What is the Difference Between Short-Term and Long-Term Disability?
Disability policies may offer short-term or long-term protection. The two types normally differ both in when they begin paying benefits and how long they pay benefits for.
Short-term policies normally begin offering disability benefits fairly soon after a covered disability is diagnosed, and they normally continue paying benefits for a set amount of time. For example, a short-term policy might offer payments for up to 6 months.
Long-term policies tend to have somewhat lengthy periods before they’ll begin offering payments for a covered claim, but they may continue to make payments indefinitely once the payments start. For instance, a long-term policy might not offer any benefits until 6 months after a covered diagnosis. Once benefits are paid, though, the policy may continue making payments until the disability is overcome or retirement age is reached.
(With all disability policies, exact benefits and time frames can vary. Workers should review a policy’s specific terms, conditions and limits to find out what protections that particular policy will afford.)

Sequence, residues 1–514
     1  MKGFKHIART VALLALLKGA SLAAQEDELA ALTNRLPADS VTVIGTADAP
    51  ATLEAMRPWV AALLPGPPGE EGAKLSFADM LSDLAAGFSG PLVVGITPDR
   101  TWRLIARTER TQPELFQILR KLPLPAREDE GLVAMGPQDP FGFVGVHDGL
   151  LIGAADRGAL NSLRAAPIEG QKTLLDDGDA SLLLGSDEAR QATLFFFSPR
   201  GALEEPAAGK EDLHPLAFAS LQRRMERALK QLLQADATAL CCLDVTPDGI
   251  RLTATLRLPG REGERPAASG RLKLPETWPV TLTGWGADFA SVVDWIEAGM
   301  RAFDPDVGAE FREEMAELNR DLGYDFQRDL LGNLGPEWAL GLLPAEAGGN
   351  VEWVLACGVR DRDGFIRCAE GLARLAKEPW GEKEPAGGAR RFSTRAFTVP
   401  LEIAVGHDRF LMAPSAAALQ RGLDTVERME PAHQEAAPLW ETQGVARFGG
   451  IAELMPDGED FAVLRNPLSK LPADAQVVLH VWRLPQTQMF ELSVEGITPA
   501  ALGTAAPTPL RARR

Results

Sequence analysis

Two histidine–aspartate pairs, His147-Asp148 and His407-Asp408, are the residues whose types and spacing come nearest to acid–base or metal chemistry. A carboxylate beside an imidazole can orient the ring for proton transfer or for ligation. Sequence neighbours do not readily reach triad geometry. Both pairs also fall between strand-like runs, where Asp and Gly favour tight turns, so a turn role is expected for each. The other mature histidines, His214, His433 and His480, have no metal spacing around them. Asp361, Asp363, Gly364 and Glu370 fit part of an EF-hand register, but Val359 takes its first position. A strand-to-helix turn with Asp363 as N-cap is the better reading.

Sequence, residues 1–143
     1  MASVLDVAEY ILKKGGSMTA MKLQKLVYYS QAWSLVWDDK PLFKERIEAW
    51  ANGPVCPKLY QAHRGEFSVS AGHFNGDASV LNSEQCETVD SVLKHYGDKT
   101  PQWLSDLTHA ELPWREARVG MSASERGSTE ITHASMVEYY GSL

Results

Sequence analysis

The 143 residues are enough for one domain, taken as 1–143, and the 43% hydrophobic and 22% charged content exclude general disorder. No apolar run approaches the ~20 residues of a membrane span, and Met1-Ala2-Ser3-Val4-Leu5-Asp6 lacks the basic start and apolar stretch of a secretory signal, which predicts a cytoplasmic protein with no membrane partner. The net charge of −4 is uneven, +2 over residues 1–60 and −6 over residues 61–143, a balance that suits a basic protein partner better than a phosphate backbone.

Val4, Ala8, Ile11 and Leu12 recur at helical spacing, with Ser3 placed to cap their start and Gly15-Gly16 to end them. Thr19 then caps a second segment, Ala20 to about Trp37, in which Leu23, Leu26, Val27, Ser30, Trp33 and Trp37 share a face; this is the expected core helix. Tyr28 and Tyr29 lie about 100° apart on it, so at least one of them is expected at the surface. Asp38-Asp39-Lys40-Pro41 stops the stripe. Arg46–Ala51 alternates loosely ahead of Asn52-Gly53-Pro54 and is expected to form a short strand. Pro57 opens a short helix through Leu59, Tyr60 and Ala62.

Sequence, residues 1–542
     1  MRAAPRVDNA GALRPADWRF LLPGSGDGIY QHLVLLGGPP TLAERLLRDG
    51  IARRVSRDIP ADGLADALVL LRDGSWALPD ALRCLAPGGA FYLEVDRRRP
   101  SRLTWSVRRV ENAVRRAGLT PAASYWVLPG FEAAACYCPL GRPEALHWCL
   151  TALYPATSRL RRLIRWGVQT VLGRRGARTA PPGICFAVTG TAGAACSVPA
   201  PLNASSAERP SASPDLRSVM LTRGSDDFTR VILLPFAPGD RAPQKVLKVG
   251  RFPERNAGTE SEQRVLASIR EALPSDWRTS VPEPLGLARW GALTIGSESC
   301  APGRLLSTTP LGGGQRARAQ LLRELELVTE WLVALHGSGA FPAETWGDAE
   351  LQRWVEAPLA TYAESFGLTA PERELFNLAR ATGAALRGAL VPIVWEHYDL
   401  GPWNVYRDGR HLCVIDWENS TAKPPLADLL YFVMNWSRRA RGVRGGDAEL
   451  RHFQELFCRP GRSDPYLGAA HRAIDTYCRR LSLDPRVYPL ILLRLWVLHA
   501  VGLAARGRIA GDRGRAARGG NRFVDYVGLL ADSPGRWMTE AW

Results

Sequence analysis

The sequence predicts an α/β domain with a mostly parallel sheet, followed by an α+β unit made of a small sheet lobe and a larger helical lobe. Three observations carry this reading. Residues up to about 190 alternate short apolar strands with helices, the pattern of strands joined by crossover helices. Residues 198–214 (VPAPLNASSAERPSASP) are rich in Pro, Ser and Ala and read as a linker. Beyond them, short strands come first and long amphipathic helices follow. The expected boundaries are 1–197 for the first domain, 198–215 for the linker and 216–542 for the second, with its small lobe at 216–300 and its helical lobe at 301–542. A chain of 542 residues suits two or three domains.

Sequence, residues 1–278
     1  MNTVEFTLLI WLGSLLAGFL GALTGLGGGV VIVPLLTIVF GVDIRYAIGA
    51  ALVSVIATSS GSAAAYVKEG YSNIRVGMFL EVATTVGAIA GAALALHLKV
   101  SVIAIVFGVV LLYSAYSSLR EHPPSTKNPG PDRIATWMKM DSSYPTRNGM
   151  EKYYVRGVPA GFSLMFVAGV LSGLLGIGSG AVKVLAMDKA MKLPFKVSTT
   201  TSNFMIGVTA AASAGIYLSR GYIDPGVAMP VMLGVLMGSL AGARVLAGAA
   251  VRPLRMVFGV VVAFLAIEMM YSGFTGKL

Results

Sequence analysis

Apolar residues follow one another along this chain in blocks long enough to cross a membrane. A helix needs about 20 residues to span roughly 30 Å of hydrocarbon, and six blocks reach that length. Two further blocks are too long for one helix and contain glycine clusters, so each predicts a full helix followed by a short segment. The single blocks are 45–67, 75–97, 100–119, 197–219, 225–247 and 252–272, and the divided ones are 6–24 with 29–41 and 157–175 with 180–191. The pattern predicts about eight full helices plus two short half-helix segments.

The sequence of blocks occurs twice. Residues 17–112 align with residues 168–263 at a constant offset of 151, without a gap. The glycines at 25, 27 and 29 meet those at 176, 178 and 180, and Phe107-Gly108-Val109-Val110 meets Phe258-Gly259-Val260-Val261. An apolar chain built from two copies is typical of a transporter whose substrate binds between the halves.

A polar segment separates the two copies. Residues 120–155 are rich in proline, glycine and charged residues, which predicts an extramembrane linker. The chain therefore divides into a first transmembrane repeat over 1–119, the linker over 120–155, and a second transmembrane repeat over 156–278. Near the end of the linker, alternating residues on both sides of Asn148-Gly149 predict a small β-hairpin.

What Types of Conditions Do Disability Policies Cover?
Disability policies might cover a variety of injuries, illnesses and other events depending on the language in their documentation. Some issues that a particular policy may cover include:
- Musculoskeletal disorders
- Connective tissue disorders
- Mental disorders
- Cardiovascular events
Short-term policies sometimes also cover pregnancy. Long-term policies are generally less likely to cover pregnancy because their waiting period often takes up a lot of a woman’s gestation period.